Millions were dispersed across 12 states and territories to develop stronger internet infrastructure, a key mission in the Biden administration agenda.
The Department of Commerce’s National Telecommunications and Information Administration (NTIA) announced on Friday that it issued over $277 million in grant funding to further develop the U.S.’s broadband infrastructure, a key component in President Biden’s infrastructure goals.
The sum of federal funding was divided across 13 individual grants, and will help connect over unserved homes in regions like Georgia, Guam, Kentucky, Louisiana, Maine, Mississippi, Missouri, Nevada, North Carolina, Pennsylvania, Texas, Washington and West Virginia.
“Today’s awards are another example of the Biden administration’s commitment to closing the digital divide and building strong partnerships with those who can help us expand internet access,” said Secretary of Commerce Gina Raimondo in the press release.
Most of the projects receiving this funding are middle and last-mile developments that bring internet connectivity to remote locations with limited to no service. The largest beneficiary is the Missouri Department of Economic Development, which will use the funds to bring network connection to 12 counties statewide. Missouri will receive $42,241,491.12.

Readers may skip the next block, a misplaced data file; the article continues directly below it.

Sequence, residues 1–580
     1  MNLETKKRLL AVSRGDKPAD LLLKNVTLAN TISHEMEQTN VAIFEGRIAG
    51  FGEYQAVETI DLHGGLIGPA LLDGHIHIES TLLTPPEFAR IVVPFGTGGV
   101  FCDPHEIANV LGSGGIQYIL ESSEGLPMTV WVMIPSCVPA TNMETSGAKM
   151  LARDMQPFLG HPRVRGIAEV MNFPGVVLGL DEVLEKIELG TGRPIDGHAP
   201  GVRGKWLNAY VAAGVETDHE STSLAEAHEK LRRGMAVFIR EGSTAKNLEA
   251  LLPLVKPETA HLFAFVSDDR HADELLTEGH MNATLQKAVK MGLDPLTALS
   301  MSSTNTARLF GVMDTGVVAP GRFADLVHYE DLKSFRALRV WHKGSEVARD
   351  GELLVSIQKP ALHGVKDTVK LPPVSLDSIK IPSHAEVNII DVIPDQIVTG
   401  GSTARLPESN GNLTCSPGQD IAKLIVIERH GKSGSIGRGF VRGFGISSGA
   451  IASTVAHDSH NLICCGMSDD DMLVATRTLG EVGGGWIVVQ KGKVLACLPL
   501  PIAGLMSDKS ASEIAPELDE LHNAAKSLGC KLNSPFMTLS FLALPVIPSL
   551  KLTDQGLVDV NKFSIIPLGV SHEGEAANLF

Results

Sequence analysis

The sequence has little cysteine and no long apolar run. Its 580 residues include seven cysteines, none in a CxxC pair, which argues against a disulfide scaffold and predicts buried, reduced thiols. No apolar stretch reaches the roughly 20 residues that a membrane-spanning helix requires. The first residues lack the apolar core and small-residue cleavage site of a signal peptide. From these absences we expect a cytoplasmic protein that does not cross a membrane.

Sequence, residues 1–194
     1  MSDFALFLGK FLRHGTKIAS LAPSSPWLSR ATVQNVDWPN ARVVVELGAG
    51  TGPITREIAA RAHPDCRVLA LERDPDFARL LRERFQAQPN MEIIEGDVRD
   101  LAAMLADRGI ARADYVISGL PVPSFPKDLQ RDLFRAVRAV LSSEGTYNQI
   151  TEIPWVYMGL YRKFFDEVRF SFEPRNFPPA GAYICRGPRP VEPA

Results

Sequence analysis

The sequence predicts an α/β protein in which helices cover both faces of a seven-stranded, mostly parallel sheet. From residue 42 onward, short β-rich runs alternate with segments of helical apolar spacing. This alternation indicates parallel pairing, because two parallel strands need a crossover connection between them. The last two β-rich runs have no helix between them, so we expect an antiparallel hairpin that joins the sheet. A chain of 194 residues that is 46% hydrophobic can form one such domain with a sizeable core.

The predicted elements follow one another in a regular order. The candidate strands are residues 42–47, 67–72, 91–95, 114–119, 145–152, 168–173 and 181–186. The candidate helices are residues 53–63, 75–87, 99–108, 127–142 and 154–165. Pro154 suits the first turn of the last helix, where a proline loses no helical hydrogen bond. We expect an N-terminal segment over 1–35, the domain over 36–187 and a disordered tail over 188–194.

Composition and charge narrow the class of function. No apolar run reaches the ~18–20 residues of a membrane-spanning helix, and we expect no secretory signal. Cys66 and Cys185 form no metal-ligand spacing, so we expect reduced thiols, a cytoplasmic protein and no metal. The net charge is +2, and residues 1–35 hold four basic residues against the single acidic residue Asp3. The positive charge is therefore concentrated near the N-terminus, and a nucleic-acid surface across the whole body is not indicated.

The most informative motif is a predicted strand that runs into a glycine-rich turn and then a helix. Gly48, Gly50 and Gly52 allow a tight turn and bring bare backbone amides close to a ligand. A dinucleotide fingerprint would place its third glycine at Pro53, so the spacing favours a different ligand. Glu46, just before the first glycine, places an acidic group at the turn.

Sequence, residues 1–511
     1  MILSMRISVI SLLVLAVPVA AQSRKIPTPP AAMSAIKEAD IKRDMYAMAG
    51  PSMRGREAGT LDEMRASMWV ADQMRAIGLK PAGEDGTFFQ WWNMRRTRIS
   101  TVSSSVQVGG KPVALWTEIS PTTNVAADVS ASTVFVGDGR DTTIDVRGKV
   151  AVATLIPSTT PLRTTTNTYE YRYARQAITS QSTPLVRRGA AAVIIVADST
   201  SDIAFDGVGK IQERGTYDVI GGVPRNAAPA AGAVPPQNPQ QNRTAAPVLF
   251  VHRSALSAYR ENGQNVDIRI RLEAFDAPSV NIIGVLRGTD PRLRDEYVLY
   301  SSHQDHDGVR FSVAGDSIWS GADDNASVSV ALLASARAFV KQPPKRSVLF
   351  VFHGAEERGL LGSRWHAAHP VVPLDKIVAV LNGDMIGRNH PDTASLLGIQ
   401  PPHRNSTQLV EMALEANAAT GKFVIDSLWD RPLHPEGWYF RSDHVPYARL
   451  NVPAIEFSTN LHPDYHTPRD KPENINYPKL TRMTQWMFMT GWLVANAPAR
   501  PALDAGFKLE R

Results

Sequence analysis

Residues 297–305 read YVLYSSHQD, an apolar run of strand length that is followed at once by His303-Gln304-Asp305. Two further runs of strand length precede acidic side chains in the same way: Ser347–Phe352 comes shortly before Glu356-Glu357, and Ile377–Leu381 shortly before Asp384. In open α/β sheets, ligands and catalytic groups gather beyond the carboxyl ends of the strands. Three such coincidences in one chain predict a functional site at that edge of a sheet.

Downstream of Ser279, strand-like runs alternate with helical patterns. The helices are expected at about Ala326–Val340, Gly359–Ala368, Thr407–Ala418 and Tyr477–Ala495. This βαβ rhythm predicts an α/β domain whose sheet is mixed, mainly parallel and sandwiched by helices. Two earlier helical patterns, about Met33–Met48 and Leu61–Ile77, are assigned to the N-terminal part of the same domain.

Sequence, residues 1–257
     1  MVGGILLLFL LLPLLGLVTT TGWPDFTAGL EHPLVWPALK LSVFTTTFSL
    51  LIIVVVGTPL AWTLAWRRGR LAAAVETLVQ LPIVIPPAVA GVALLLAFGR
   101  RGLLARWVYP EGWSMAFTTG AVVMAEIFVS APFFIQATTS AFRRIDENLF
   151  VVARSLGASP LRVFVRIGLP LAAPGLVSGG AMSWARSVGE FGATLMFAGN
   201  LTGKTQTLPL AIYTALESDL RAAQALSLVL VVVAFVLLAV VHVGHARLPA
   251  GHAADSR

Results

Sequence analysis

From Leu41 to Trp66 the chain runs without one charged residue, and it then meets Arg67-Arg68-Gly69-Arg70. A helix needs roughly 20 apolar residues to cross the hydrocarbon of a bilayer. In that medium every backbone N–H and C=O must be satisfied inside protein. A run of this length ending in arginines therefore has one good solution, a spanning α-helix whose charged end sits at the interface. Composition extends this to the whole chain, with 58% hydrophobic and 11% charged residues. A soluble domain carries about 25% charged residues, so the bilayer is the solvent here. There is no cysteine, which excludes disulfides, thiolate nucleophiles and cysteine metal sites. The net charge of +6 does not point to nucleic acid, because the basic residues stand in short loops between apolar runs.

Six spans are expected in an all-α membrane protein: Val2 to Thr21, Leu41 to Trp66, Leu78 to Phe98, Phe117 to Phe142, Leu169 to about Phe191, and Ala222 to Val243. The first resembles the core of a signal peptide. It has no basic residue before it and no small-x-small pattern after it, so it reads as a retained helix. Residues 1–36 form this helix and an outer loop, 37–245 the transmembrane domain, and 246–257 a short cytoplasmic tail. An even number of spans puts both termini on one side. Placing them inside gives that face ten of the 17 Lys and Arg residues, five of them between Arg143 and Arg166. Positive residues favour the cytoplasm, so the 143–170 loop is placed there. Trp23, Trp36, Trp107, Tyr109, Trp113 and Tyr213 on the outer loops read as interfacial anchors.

“These awards are a great first step in our march toward connecting every American to affordable, high-speed broadband service,” said Alan Davidson, the Assistant Secretary of Commerce for Communications and Information. “We are eager to work closely with the grant recipients who will help us deploy broadband infrastructure to areas that have lacked it for too long.”
Development of a stronger nationwide telecommunications network is part of Biden’s landmark Infrastructure Investment and Jobs Act, which allocates a total of $65 billion in taxpayer funding to broadband infrastructure in particular.
Broadband access has been lacking for many parts of the country, notably in rural areas with challenging terrain and among Native American communities.
“Thanks to the Bipartisan Infrastructure Law, we now have the opportunity to connect every unserved household in the country, ensuring that all Americans are able to participate in our 21st century economy,” Raimondo said. “This is not only a win for American families who need and deserve high-speed, affordable internet for remote learning and telehealth services, but this also presents an incredible opportunity for American businesses and will make our country more competitive globally.”
This funding injection follows a new round of financing for underserved and unserved schools and academic institutions. The Federal Communications Commission announced on Wednesday that another $86 million in federal funding was given to libraries and schools with connectivity problems via the Emergency Connectivity Fund.
“The Emergency Connectivity Fund is the single biggest effort to close the Homework Gap, and connect students and libraries with reliable broadband service,” said FCC Chairwoman Jessica Rosenworcel. “The need for help is clear, and we’re making progress.
The importance––and disparity––of internet access in the U.S. was spotlit at the onset of the pandemic, as communities began working and learning remotely. The FCC noted that since the launch of its Emergency Connectivity Fund in June 2021, over $86 million has been dispersed to communities in need.